I don't believe that I possess an above average curiosity, but I would definitely characterize myself as being of above average laziness. As I've been lucky enough to live in the age of wikigoogleyoutubepedia, answers (of varying degrees of accuracy or relevance) are rarely more than a few seconds away. Bim bim sala bim, I've satisfied my need to know who the Finnish prime minister is; mekka lekka hi, here's a picture of a carny family and a baby wearing a toupee; jinks roshambo, I always suspected that there was some sort of convenient guide and here it is; etc, etc.
My morning routine (on days I don't teach, anyway) lately is to enjoy 20 oz of premium jav-aaah! while watching an episode or two of QI. I can't remember where or when I learned about this show, but you can watch all four seasons on youtube. Today, I happened to catch the panel talking about Peter Cushing, Christopher Lee, and Vincent Price (somewhere, Orlando has just rolled over in bed and yelled "Hammer Time!").
Anyway, wishing to learn more particulars about the gentlemanly Peter Cushing, I headed over to wikipedia, where I read the following (I've no idea if this is true or not, but it has the ring of truth to it; and it's quite beautiful so fuck off if you can't take the raw emotion):
In 1971, Cushing withdrew from the film Blood from the Mummy's Tomb when his wife died (Hammer stalwart Andrew Keir inherited the role). He and actress Helen Beck had been married since 1943. The following year, he was quoted in the Radio Times as saying "Since Helen passed on I can't find anything; the heart, quite simply, has gone out of everything. Time is interminable, the loneliness is almost unbearable and the only thing that keeps me going is the knowledge that my dear Helen and I will be united again some day. To join Helen is my only ambition. You have my permission to publish that... really, you know dear boy, it's all just killing time. Please say that."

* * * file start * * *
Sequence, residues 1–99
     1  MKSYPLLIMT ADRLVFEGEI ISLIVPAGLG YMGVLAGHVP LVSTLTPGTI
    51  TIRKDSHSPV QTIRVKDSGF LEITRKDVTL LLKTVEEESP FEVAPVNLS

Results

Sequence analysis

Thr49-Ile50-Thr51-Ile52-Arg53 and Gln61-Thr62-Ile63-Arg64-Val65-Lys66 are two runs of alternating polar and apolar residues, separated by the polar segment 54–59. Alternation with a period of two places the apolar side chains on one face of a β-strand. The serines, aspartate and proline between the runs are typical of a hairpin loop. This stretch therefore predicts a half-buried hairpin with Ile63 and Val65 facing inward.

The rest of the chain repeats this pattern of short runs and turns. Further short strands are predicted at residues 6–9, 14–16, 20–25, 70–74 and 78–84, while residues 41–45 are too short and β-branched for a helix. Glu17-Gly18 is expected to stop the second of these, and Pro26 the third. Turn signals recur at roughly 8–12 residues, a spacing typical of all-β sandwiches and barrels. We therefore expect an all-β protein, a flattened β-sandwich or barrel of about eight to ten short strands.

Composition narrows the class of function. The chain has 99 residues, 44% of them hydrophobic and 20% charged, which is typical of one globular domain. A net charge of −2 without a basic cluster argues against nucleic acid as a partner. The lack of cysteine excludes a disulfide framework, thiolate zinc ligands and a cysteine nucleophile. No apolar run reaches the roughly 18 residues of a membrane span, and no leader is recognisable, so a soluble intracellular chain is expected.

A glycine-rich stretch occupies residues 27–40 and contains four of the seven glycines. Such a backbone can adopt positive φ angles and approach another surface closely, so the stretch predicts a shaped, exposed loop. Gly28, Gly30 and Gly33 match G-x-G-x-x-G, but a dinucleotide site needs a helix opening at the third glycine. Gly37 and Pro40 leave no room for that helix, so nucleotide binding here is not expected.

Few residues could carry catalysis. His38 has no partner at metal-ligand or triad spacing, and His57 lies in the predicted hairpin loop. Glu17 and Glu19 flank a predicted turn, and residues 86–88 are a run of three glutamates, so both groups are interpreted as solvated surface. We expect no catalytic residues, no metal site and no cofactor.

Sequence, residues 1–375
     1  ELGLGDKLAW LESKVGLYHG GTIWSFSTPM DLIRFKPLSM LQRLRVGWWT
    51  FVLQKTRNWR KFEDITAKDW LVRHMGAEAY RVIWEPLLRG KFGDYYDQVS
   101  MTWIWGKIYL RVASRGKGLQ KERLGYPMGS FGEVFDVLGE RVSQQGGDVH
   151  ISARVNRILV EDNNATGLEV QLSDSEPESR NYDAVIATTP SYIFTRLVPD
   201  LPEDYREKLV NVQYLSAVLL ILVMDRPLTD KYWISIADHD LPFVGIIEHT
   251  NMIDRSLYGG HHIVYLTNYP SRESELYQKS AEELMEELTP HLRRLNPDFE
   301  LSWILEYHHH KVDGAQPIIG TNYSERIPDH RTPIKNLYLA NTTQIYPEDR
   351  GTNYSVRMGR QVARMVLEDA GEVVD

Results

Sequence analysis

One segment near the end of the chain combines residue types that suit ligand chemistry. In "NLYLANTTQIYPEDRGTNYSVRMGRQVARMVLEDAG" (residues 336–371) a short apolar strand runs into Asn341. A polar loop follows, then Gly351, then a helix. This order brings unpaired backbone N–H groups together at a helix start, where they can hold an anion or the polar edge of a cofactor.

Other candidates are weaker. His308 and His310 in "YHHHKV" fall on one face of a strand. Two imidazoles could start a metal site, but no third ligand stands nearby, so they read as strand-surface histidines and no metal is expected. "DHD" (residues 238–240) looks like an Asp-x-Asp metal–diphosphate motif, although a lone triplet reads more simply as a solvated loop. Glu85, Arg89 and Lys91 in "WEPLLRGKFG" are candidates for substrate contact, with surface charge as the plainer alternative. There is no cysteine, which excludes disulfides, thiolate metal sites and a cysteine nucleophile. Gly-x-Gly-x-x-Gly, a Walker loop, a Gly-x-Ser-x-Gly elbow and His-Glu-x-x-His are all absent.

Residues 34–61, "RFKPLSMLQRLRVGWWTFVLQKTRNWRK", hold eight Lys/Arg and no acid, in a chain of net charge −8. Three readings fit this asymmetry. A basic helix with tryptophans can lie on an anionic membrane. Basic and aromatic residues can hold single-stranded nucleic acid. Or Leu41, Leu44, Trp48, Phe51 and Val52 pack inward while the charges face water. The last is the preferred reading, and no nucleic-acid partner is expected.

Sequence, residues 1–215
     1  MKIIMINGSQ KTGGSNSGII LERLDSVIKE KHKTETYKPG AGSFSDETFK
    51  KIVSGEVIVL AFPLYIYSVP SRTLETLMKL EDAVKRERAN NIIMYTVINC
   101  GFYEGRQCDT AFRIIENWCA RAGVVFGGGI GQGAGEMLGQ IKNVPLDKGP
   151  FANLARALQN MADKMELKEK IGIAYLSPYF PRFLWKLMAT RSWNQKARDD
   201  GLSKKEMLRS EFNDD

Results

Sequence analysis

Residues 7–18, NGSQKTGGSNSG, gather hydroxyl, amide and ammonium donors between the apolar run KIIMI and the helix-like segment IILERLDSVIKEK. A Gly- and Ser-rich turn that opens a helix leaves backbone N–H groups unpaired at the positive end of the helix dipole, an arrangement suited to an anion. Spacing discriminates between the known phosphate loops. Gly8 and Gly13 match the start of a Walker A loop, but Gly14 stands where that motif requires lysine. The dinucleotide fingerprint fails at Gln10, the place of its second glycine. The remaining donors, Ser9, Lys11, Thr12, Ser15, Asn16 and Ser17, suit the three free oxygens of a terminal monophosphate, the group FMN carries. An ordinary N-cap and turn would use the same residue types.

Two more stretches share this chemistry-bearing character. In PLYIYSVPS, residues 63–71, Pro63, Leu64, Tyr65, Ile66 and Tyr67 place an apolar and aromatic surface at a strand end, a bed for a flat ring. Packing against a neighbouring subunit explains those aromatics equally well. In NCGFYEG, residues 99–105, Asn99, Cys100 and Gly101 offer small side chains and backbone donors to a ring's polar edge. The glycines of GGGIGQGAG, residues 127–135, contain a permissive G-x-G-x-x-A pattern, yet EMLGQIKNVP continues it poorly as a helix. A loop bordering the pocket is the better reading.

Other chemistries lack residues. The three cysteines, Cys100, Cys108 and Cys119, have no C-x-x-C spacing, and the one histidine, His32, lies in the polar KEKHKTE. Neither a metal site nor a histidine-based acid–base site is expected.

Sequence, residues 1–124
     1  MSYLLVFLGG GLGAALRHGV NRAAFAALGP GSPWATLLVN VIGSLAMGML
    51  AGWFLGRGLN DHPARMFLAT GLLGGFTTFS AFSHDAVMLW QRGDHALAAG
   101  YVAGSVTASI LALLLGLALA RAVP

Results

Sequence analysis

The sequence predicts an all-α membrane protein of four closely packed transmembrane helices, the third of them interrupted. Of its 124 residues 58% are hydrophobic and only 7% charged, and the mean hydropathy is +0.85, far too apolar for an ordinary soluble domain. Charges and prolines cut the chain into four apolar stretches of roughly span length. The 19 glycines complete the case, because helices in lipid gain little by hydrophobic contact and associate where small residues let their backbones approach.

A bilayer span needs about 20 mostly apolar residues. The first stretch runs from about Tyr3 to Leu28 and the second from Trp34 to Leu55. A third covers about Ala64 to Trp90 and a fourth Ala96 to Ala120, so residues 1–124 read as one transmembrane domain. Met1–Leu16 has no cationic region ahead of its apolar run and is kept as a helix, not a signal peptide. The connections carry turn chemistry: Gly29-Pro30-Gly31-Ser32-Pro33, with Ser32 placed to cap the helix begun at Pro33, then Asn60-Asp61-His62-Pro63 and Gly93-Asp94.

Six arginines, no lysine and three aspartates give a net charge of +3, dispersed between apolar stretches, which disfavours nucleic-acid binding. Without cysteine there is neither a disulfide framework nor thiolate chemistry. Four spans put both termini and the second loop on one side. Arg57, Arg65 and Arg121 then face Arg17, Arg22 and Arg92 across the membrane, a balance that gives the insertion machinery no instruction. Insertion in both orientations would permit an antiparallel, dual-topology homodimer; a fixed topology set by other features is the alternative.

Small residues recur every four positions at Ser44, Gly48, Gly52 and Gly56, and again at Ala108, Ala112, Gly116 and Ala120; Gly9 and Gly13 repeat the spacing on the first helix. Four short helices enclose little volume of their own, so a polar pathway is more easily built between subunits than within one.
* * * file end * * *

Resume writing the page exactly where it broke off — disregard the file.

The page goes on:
Six years later, his feelings were unchanged: "When Helen passed on six years ago I lost the only joy in life that I ever wanted. She was my whole life and without her there is no meaning. I am simply killing time, so to speak, until that wonderful day when we are together again."
In his autobiography, he says he attempted suicide the night that Helen died, by running up and down stairs in the vain hope that it would induce a heart attack.
In 1986, Cushing appeared on the British TV show Jim'll Fix It. His "wish", "granted" by Jimmy Savile, was to have a strain of rose named after his late wife. Cushing's letter to the show, in copperplate handwriting, was shown, as was the identification and naming of a rose named "Helen Cushing."
I take pride in being a bitter old hag with the affect of a feral child, but I have to say: I honestly teared up that. And then later on in that same wiki, we get this from Christopher Lee, who was Cushing's best friend:
"I don't want to sound gloomy, but, at some point of your lives, every one of you will notice that you have in your life one person, one friend whom you love and care for very much. That person is so close to you that you are able to share some things only with him. For example, you can call that friend, and from the very first maniacal laugh or some other joke you will know who is at the other end of that line. We used to do that with him so often. And then when that person is gone, there will be nothing like that in your life ever again."